Cancer, rectal

Other names: Rectal cancer

DEFINITION

Rectal cancer is a type of cancer that occurs in the cells in the rectum — the last section of your large intestine. Rectal cancer is often grouped together with colon cancer, and together they're called colorectal cancer. Rectal cancer most often begins in the cells that line the inside of the rectum. Colorectal cancer screening tests can discover rectal cancer before it begins or at its earliest stages — when treatment has the greatest chance for success. Rectal cancer treatment often involves surgery to remove the cancer. Other treatments, such as chemotherapy and radiation therapy, may be used as well.


QUESTIONS

  1. What is rectal cancer?

Rectal cancer is a type of cancer that occurs in the cells in the rectum.

  1. How is rectal cancer related to colon cancer?

Rectal cancer is often grouped together with colon cancer, forming colorectal cancer.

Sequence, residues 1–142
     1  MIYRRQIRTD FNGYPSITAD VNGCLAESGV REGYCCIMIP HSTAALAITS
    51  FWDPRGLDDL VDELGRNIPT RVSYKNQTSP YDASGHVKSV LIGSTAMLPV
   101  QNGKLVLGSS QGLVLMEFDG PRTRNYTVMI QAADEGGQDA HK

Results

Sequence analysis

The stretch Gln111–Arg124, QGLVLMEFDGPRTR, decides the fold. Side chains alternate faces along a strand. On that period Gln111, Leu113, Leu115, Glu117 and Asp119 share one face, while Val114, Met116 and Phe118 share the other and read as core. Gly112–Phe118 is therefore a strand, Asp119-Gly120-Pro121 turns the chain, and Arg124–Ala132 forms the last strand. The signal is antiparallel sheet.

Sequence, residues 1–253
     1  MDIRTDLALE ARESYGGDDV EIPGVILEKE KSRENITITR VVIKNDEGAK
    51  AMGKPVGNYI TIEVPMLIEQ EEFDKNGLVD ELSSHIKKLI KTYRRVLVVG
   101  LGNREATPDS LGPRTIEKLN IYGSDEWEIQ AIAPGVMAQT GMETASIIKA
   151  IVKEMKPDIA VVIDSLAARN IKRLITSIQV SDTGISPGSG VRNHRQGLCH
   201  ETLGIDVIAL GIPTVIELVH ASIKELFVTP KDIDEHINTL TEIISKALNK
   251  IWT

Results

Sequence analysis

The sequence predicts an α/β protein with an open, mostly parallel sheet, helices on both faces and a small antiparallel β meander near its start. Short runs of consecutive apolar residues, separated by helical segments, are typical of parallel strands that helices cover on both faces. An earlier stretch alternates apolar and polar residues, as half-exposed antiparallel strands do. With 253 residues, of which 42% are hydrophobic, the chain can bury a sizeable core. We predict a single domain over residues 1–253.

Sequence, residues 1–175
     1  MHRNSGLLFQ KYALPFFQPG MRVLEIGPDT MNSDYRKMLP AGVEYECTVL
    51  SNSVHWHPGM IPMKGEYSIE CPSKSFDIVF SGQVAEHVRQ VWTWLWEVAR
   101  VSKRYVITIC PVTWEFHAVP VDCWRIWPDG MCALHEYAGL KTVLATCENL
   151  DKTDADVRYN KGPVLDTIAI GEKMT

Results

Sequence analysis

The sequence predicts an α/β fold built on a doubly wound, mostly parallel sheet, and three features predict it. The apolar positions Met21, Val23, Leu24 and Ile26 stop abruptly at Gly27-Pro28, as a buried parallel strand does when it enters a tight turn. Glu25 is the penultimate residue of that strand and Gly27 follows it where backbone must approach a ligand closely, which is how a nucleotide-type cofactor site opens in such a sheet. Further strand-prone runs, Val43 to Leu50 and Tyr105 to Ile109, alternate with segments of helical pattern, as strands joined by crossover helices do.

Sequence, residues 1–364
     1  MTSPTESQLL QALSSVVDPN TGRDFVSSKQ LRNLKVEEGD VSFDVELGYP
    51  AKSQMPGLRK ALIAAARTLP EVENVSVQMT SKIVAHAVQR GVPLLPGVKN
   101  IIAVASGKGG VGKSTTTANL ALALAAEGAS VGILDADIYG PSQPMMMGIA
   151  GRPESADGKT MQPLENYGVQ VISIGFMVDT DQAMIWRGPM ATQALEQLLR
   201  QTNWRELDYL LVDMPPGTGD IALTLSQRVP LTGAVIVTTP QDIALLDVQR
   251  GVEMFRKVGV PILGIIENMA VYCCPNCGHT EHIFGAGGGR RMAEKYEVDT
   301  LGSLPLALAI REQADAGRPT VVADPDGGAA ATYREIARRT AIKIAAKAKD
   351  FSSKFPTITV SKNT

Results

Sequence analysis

1. Where does rectal cancer typically begin?

Rectal cancer most often begins in the cells that line the inside of the rectum.

  1. How can colorectal cancer screening help with rectal cancer?

Colorectal cancer screening tests can discover rectal cancer before it begins or at its earliest stages.

  1. What are some common treatments for rectal cancer?

Surgery to remove the cancer is a common treatment for rectal cancer, along with chemotherapy and radiation therapy.

  1. Why is early detection important in treating rectal cancer?

Early detection of rectal cancer increases the chances of successful treatment outcomes.

  1. Are there risk factors associated with developing rectal cancer?

Risk factors for rectal cancer include age, family history, and certain lifestyle choices like smoking and diet.

  1. Can rectal polyps lead to rectal cancer?

Yes, rectal polyps can sometimes develop into rectal cancer if left untreated.

  1. What are some symptoms of rectal cancer?

Symptoms of rectal cancer may include changes in bowel habits, blood in stool, abdominal discomfort, and unexplained weight loss.

  1. Is genetic testing recommended for individuals with a family history of colorectal cancers?

Genetic testing may be recommended for individuals with a family history of colorectal cancers to assess their risk and guide preventive measures.